Secondary Cataracts: Is This Really A Thing?
- Posted on: Mar 15 2020
Cataracts affect millions of people, causing varying degrees of cloudiness from one to another. A characteristic of cataracts is that this condition progressively worsens over time. This happens because proteins continually accumulate on the natural lens once the process has begun. At some point, there are too many proteins on the lens for a person to see clearly. It may be difficult to read normal-sized print or to see facial expressions and characteristics well.
Whenever cataracts get in the way of safety or quality of life, a board-certified ophthalmologist can remove them. In the majority of cases, cataract removal surgery achieves outstanding results after which patients enjoy crisp, sharp vision for the rest of their lives. However, there are instances in which vision once again becomes cloudy after cataracts have been removed. This can happen within a few months or several years, but it can be disheartening either way. Referred to as “secondary cataracts,” this condition is not what it seems, and this is a good thing.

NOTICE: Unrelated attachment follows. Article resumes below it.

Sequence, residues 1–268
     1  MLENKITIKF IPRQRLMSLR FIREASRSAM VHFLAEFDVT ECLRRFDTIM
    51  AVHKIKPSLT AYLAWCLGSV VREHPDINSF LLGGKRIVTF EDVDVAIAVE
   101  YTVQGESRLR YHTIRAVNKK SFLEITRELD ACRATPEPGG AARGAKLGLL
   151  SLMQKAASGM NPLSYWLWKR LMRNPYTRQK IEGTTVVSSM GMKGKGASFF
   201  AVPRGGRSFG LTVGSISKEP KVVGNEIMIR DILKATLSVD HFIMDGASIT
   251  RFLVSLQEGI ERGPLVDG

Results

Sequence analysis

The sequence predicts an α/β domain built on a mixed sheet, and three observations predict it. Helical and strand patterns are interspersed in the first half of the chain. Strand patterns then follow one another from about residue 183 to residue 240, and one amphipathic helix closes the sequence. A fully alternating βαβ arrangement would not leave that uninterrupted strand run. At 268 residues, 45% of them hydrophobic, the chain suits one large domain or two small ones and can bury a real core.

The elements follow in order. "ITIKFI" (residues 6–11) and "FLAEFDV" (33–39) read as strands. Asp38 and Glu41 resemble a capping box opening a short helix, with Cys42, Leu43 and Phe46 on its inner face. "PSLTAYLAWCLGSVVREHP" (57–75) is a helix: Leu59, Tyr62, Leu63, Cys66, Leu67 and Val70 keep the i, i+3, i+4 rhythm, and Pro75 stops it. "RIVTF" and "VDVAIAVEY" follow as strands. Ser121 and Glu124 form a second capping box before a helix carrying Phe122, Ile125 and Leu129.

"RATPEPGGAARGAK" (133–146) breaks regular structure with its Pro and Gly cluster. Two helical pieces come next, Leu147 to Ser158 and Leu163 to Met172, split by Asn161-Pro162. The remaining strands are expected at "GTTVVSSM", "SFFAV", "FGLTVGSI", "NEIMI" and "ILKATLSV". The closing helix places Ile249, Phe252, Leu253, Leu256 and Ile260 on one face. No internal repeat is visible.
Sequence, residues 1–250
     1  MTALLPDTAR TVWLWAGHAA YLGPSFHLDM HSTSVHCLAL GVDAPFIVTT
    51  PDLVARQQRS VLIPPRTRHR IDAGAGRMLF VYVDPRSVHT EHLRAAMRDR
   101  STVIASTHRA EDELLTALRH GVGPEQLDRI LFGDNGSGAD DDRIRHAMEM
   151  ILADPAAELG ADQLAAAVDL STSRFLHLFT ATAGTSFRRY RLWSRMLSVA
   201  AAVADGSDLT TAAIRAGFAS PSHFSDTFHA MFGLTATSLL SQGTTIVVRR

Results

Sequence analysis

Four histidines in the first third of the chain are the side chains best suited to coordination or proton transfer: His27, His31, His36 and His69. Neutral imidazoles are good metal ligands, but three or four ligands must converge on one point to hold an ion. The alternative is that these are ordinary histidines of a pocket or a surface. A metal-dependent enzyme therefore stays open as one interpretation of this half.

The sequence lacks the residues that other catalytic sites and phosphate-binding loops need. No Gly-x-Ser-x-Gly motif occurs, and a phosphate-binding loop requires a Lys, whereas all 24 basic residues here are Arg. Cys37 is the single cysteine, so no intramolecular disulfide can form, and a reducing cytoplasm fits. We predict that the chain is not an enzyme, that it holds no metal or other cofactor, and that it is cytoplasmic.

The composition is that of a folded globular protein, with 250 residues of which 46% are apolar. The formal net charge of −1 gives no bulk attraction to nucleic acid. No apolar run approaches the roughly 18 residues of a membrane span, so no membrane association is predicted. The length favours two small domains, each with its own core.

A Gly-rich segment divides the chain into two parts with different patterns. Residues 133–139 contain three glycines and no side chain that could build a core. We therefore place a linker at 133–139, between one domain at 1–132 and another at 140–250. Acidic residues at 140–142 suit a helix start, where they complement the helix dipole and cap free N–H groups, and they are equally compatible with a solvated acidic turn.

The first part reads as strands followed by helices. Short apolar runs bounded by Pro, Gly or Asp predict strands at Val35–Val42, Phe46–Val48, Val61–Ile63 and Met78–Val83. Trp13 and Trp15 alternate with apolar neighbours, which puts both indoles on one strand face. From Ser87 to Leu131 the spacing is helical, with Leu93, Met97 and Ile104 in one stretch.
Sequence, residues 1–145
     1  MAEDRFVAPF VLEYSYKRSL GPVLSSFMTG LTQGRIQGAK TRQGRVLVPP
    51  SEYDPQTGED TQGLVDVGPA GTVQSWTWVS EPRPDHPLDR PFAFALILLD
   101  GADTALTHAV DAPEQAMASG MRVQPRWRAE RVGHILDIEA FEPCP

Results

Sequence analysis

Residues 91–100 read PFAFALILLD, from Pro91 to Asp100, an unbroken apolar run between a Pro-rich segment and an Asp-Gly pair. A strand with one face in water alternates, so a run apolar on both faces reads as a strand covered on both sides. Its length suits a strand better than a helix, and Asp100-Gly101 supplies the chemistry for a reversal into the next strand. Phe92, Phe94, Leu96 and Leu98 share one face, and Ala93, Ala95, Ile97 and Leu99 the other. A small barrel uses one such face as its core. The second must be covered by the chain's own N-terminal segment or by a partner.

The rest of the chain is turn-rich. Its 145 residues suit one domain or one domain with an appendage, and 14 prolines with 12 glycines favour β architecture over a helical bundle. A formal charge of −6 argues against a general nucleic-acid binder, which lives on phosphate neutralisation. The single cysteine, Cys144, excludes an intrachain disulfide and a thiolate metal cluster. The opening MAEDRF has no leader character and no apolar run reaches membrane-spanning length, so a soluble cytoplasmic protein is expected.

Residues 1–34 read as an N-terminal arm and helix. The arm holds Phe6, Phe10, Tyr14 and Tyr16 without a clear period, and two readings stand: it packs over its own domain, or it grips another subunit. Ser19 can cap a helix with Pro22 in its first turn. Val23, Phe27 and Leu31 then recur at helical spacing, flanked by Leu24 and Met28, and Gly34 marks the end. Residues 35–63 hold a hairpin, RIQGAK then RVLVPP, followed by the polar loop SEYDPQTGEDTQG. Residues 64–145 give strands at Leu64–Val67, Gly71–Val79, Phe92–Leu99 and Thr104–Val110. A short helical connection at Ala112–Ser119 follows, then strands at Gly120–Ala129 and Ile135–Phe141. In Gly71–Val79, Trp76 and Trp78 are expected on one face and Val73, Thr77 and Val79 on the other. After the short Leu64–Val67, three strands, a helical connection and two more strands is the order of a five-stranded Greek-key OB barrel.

Is Your Vision Getting Cloudy After Cataract Removal? This Could Be Why!
The term “secondary cataracts” is a simple way of describing a much more complicated medical term. There is no such thing as cataracts growing back. During cataract removal surgery, the doctor removes the entire natural lens of the eye, not a mere portion of it. This has to be done because proteins may permeate the lens and trying to remove them would only damage the natural structure. The surgery entails creating an opening in the membrane that holds the natural lens and inserting a new lens in its place. The membrane then heals over the new intraocular lens to secure it in the eye.
What we call secondary cataracts is posterior capsular opacification (PCO). This condition occurs when a film of proteins develops on the membrane around the new lens. It isn’t because new cataracts have formed on the lens. The artificial lens remains intact but, we could say, it has a dirty window to see through. To address this problem, an ophthalmologist can perform a brief procedure in which a small opening is made at the front of the membrane. This is like opening the dirty window. The membrane is opened for the lens to operate well but is in adequate condition to hold the lens as it should.
Posted in: Cataract Surgery